Era 1 (1986–1995), n = 31Era 2 (1996–2005), n = 150Era 3 (2006–2011), n = 294p-Value
Demographics
Recipient age15.2 ± 1.715.3 ± 2.514.5 ± 3.10.021
Donor age39.2 ± 9.536.3 ± 9.637.4 ± 8.80.216
HLA match3.58 ± 0.993.79 ± 1.23.88 ± 1.20.370
ESRD Cause Unknowns27 (87%)92 (61%)120 (40%)0.001
Immunosuppression
Induction
ATG0%7 (4.7%)6 (2.0%)0.173
IL-20%3 (2.0%)84 (29%)0.001
CyA/Steroid/Aza (initial)31 (100%)150 (100%)225 (76.5%)0.001
CYA/Steroid/MMF (conversion)0%16 (11%)32 (11%)0.155
TAC/Steroid/MMF (conversion)0%15 (10%)66 (22%)0.001
TAC/Steroid/MMF (Initial)0%9 (6%)32 (10.9%)0.046
Acute rejection15 (48.4%)53 (35%)50 (17%)0.001
Infection
UTI12 (38.7%)45 (30%)59 (20.1%)0.011
TB6 (19%)15 (10%)4 (1.4%)0.001
HCV RNA4 (13%)26 (17.3%)29 (10%)0.006
CMV10 (6.6%)15 (5.1%)0.312
Graft survival
1- and 5-year83%, 54%90%, 73%96%, 81%0.001
Causes of graft loss
Death with function6 (19%)2 (1.3%)2 (0.7%)0.001
Pyelonephritis3 (9.6%)11 (7%)8 (2.7%)0.035
Patient survival
1- and 5-year87%, 58%96%, 84%97%, 94%0.001
Causes of death
Sepsis14 (45%)25 (16.7%)7 (2.4%)0.001

Immunosuppressive protocols depended largely on the availability of drugs in the country. Generics being 30% cheaper with acceptable bioequivalence and good outcomes become the mainstay of treatment [42]. We introduced pharmacokinetic profiling of cyclosporine on 4th or 5th day of transplant by an abbreviated area under the curve (AUC) to determine the adequacy of the drug exposure [42]. AUC undertaken in 386 children on 8 mg/kg/body weight showed adequate levels (range 6000–8000 ng/ml/h) in 155 (40%), high in 34 (9%) and low in 197 (51%) of the children. AUCs thus enabled to readjust the doses in the early transplant period to achieve adequate levels. Induction with ATG and IL-2 was given only to poorly matched (≤2 antigen match) patients and children <12 years of age. Use of induction agents and tailoring of immunosuppression was not only cost effective but also reduced rejection rates from 48% in era 1–17% in era 3 (Table 3).

Infections

Infections remain a major challenge in our center where patients die with functioning grafts (Table 3). Investment in technology for timely diagnosis and strict surveillance for urinary tract infections, cytomegalovirus, BK virus and tuberculosis has played a significant role in diagnosis and reducing infections. Graft loss due to infection reduced from 10% to 3%, death with functioning graft from 19% to <1% and death due to sepsis from 45% to 2% in Era 3, respectively (Table 3).

Our patient and graft outcomes have improved from Era 1 to Era 3 and are comparable to the United States where 1 and 5 years graft survival is 95.5% and 85.7% and patient survival 98% and 96%, respectively (Table 3) [9].

Conclusions

  1. Top of page
  2. Abstract
  3. Introduction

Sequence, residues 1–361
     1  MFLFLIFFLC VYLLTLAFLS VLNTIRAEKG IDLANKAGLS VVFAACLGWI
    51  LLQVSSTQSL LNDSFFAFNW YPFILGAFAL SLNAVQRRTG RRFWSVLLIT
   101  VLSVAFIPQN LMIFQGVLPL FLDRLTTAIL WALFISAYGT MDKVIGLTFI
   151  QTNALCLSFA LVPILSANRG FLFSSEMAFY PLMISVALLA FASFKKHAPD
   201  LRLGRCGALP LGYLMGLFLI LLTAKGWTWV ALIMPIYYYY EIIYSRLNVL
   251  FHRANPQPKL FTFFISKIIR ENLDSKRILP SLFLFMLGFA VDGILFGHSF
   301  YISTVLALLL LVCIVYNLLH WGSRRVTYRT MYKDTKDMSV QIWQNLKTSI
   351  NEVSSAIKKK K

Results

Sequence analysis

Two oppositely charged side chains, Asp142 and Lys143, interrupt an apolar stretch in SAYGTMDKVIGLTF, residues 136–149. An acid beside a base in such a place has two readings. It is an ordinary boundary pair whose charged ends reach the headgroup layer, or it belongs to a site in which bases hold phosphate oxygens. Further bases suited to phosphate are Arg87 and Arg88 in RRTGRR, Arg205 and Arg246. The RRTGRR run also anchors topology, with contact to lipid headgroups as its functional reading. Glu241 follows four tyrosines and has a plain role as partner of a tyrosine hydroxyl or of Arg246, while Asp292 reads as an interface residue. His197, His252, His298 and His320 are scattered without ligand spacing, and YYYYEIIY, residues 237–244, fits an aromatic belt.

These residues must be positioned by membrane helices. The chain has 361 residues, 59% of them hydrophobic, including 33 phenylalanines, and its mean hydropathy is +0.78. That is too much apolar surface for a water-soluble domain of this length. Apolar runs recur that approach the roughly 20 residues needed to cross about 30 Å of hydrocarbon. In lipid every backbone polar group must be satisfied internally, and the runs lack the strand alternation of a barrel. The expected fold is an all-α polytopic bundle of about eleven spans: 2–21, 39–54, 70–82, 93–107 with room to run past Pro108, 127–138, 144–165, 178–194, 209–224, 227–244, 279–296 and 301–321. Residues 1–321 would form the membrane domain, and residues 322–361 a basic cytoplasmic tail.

4. Human Development Parameters in the Developing World
  5. The Burden of End Stage Kidney Disease in Children
  6. Access to Renal Replacement Therapy
  7. Kidney Transplantation
  8. Overcoming the Challenges in Developing Countries
  9. Conclusions
  10. Disclosure
  11. References

The major challenge in developing countries is to provide optimal treatment to children with ESRD. Poor economics, paucity of RRT and transplantation facilities in the government sector and high costs in private sector render majority of children disfranchised from RRT and transplantation. The prevalence rates of RRT and transplantation are therefore low 6–12 and <1 to 5 pmcp, respectively. Our model of community-government partnership has shown that pediatric RRT and transplantation can be successfully established in a developing country. Society can be motivated to accept transplantation as the therapy of choice for ESRD provided the outcomes are good and it is available “free of cost” to all who need it. Transparency and equity ensure community support and sustainability. In a country with economic constraints and shrinking healthcare facilities we were able to expand our services exponentially both for dialysis and transplantation. Community funds ensure sustainability and also motivate the government to come forward with capital investments. In developing countries the focus should be on community screening and measures to minimize progression of CKD to ESRD. Unfortunately, paucity of primary healthcare facilities and ineffective preventive programs render many children in ESRD. Inaccessibility and high costs of RRT make transplantation as the best, cost effective and life saving option. Our community-government model has shown that it is a sustainable option and can be duplicated and developed in other developing countries.

References

  1. Top of page
  2. Abstract
  3. Introduction
  4. Human Development Parameters in the Developing World
  5. The Burden of End Stage Kidney Disease in Children
  6. Access to Renal Replacement Therapy
  7. Kidney Transplantation
  8. Overcoming the Challenges in Developing Countries
  9. Conclusions
  10. Disclosure
  11. References